iF: I haven’t heard much about it. People just accept it as part of the show. So this is a really geeky question, but was Tommy unfrozen in series one?
MORI: Yes I think he definitely was, it just happened off camera. I mean, so many things were happening in the first series that it could’ve been anywhere in there, or even before Gwen joined Torchwood. With everything with Jack and the Cyberwoman and the rift, Tommy being woken up was something of a non-event. That’s another relationship that came as a surprise to Tosh, I don’t think she was expecting to make a connection with Tommy and it seemed kind of wrong to her because he was eight years old. [Laughs] What was interesting was that she was in a bit of denial, but it seemed like a brother/sister relationship where she was always looking after him when he was defrosted. Then on that particular day, the roles reversed and even though he was this young guy from 1918 that was technically younger than her, the scales tipped and it became romantic and Tommy took more control of the direction of things.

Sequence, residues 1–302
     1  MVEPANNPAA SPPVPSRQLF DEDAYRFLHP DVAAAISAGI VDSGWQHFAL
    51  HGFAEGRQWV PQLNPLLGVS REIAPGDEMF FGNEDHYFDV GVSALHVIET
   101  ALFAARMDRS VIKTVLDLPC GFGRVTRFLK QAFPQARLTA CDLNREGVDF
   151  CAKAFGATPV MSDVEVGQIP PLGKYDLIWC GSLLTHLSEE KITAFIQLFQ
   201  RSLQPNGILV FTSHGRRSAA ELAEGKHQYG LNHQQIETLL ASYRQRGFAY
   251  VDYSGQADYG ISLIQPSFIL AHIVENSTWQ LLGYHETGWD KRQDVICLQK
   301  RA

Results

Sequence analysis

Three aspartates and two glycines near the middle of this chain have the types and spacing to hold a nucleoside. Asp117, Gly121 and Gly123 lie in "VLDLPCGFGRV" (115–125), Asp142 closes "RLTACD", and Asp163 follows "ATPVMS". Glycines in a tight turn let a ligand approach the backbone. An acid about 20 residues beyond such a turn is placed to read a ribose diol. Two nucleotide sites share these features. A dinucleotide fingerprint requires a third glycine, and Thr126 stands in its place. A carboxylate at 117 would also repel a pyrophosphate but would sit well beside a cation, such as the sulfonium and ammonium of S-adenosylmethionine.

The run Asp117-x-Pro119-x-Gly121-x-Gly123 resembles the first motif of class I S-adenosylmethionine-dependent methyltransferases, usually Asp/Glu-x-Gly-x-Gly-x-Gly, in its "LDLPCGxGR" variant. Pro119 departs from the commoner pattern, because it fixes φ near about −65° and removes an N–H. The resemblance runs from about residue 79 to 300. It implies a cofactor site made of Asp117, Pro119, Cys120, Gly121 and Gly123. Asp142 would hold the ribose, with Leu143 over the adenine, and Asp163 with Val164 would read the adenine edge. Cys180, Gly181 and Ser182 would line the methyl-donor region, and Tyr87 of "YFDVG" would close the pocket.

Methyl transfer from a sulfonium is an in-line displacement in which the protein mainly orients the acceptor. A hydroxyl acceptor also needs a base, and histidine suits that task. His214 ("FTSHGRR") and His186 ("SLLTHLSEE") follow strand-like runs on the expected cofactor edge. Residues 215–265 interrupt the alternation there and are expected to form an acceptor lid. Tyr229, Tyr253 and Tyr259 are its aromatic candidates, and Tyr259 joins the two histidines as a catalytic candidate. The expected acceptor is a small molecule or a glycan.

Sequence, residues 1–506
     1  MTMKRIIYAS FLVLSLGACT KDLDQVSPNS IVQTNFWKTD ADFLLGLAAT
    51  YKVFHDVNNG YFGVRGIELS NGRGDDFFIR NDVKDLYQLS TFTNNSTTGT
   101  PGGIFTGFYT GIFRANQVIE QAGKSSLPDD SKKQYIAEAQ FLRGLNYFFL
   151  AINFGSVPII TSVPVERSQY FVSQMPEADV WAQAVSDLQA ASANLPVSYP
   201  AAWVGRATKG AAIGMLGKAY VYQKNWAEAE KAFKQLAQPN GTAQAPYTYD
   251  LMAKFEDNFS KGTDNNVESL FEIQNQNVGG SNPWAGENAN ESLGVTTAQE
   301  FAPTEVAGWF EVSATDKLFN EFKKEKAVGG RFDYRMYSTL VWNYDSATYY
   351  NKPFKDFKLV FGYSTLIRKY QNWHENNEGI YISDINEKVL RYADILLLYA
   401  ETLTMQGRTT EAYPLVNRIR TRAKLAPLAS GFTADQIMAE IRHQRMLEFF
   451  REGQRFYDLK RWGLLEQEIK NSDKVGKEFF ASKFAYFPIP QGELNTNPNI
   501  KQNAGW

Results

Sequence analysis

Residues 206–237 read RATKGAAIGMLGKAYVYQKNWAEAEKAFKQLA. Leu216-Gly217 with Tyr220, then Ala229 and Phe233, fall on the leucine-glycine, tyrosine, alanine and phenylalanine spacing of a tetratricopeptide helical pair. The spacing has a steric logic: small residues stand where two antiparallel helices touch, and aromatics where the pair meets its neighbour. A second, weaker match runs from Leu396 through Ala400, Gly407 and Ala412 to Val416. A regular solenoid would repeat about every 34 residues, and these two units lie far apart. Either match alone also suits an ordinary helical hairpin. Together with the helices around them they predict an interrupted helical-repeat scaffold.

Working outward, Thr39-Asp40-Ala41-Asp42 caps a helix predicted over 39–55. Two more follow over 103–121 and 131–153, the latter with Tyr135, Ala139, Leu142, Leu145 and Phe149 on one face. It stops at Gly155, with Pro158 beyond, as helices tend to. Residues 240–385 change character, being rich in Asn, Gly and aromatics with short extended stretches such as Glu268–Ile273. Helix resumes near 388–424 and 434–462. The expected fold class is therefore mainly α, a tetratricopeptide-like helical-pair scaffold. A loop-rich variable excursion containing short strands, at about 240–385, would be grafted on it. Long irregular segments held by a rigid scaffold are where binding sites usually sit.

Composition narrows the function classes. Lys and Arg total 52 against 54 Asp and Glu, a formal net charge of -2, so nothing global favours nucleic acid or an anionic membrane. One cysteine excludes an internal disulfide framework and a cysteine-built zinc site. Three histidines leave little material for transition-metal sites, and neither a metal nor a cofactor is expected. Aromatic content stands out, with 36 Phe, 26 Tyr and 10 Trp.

iF: Well, and she knew he was going off to die, so if she didn’t shag him, no one was going to!
MORI: [Laughs] Aw bless Tosh, she’s had a hard time. She’s coming out of her shell.
iF: What was your favorite Tosh thing you’ve done so far?
MORI: I think the beauty of Tosh is her learning lessons; especially in her love life, her non-existent love life. Although someone pointed out to me she is the one that probably gets it the most out of all of the characters.
iF: Hmm Jack has Ianto at his fingertips so that’s debatable.